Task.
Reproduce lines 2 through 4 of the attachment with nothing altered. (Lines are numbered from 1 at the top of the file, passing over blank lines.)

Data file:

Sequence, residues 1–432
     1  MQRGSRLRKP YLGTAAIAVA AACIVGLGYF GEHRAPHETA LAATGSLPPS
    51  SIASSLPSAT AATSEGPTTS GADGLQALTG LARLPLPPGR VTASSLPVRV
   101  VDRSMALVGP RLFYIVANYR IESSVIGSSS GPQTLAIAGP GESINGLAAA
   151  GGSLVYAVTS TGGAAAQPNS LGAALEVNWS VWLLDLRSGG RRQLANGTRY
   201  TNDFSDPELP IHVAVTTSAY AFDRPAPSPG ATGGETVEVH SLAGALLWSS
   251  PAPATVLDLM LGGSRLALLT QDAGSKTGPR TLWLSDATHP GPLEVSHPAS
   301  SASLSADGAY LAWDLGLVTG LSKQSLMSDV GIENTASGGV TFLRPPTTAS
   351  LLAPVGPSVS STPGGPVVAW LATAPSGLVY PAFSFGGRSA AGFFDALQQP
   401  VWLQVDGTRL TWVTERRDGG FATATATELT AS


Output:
     1  MQRGSRLRKP YLGTAAIAVA AACIVGLGYF GEHRAPHETA LAATGSLPPS
    51  SIASSLPSAT AATSEGPTTS GADGLQALTG LARLPLPPGR VTASSLPVRV
   101  VDRSMALVGP RLFYIVANYR IESSVIGSSS GPQTLAIAGP GESINGLAAA